Brainbow Hippocampus

I feel it is only fair to talk about Greg Dunn whose beautiful microetchings have been a continuous reminder of how amazing the brain actually is. My logo for this blog is based on one of Greg Dunn and Brian Edwards microetchings titled the Brainbow Hippocampus.

Greg Dunn also happens to have a PhD in Neuroscience and combines his two passions, Asian Art & Neuroscience, seamlessly in these beautiful etchings. But what is the Hippocampus and what does it have to do with rainbows?

Well first off, the Hippocampus is this C shape structure found deep in the centre of the brain and is mainly involved in learning, memory and sensory integration (in other words, our brain interprets and integrates the information we get from our senses). Ever heard of Alzeihmer’s disease? This disease affects the Hippocampus, which is why people with Alzheimer’s disease can’t remember who they are, where they are, and get really confused in familiar surroundings. So it’s a pretty important structure, which is probably why it’s buried so deeply in the brain’s centre (imo).


Now for the Brainbow part.

Brainbow is a genetic technique used to trace each neuron in the brain. What this cool technique does is use genes from corals, bacteria and jellyfish, which contain fluorescent red, green and blue proteins. These genes are inserted into the neurons and then the neurons express different combinations of red, green and blue giving you all these wonderful different colours. Neuroscientists can then follow the different colours and track the activity of each neuron and see how they are connected to one another. In other words, they’ve colour-coded the brain. So you get a Brainbow; a brain that looks like a rainbow. Brilliant!

I’d also recommend watching the video on building a brainbow, and the one on fluorescent proteins. They’re only a few minutes long.

But why do this technique at all, I hear you ask, when there are other techniques out there like fMRI or DTI?

And it’s a fair enough question. This Brainbow method has so far only been tested on rodents and this etching of the Hippocampus is therefore a rodent’s Hippocampus. But whether it’s from a rodent or a human, it looks incredible! What makes it distinctive from other techniques like fMRI and DTI is the following:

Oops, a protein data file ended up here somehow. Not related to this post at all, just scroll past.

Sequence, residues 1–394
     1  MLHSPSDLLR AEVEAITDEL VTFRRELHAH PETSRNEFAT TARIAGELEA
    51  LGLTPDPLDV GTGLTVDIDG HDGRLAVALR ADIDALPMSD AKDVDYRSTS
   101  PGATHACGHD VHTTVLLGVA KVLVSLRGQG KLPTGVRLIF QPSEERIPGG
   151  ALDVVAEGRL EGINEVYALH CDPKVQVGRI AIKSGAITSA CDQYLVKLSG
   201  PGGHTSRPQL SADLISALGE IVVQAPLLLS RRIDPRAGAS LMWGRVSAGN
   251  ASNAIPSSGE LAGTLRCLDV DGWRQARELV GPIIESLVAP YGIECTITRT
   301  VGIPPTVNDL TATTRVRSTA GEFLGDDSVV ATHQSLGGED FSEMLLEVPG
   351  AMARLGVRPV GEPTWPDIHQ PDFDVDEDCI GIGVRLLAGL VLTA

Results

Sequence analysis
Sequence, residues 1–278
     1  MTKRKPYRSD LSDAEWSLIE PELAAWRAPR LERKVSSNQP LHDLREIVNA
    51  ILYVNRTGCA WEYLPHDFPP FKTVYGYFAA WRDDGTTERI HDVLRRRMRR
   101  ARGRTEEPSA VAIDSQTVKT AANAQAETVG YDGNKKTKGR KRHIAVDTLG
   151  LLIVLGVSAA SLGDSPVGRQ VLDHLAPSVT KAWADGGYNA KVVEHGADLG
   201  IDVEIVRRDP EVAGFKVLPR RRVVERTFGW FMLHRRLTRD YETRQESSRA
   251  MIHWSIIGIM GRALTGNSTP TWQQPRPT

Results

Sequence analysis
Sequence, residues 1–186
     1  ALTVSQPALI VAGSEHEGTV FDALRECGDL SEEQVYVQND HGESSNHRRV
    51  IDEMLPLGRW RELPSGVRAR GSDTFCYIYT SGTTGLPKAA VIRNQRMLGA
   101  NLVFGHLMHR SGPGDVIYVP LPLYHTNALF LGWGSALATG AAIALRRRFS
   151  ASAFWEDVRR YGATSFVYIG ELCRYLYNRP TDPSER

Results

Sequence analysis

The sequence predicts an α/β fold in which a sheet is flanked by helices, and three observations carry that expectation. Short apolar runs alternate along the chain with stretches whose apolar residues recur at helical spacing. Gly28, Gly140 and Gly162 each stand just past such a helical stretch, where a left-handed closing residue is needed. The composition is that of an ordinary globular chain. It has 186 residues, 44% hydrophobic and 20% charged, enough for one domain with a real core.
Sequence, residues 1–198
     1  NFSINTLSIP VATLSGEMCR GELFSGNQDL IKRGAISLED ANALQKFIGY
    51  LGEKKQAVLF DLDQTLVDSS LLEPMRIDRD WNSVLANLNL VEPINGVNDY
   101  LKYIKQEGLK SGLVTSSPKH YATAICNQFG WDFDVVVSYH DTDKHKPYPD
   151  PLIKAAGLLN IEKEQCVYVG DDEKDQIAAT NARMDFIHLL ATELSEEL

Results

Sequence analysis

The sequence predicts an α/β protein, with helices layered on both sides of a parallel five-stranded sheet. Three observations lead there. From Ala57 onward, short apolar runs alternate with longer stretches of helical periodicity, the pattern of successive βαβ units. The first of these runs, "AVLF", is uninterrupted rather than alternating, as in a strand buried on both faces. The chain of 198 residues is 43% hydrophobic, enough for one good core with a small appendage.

Functional Magnetic Resonance Imaging (fMRI) is possibly the most fashionably used technique at the moment and here’s why. When you want to look at which parts of the brain are active, for example, when you’re reading this blog post about the Brainbow Hippocampus, many Neuroscientists and Psychologists would use fMRI (they’d probably use some other stimuli instead of this blog, but you get the point). fMRI looks at the differences in blood oxygen levels, blood flow and blood volume in the brain to detect which areas are active. The more oxygen-rich blood, the greater the activity. The images are taken over a short period of time (which is why they stuck the functional name part in there), so you can see what parts of the brain are activated first, then second and so on. Now, what you get from an fMRI session is black and white images of the brain and red-orange-white blobs, which show the areas of the brain that are active. You can then compile these images into a 3D brain activity flip book. Pretty cool stuff. So cool that it won a Noble Prize for its revolutionary sensing technique.


Now for the Diffusion Tensor Imaging (DTI) stuff. I don’t have any practical experience with using DTI, but I’ll do my best to explain it without going into too much anatomy stuff. Our brain is made up of grey matter and white matter. The grey matter contains most of the neurons and is found both in the centre and around the outside of the brain. The white matter is the bit in between the grey matter parts and contains lots of white matter tracts. These tracts are important because they connect the different parts of the grey matter so that the brain can carry out its different functions, such as make new memories. What DTI does is detect how water travels along these white matter tracts in the brain and maps it. This way we can see the connections between the different areas of the brain, and it’s colour-coded.


The problem with fMRI is that the images can be somewhat blurry, and both fMRI and DTI cannot (thus far) identify any individual neuron structures or individual neuron activity. This is why Brainbow is the talk of the town because it does exactly that.


If you’re lucky enough to be in Philadelphia, USA, I’d recommend going to the Mütter Museum to see these amazing microetchings. You won’t be disappointed.

Written by Alison Holland

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Kwon, D., & Tormes, L. (2015). The Brainbow Connection. Scientific American Mind, 26(6), 52-55.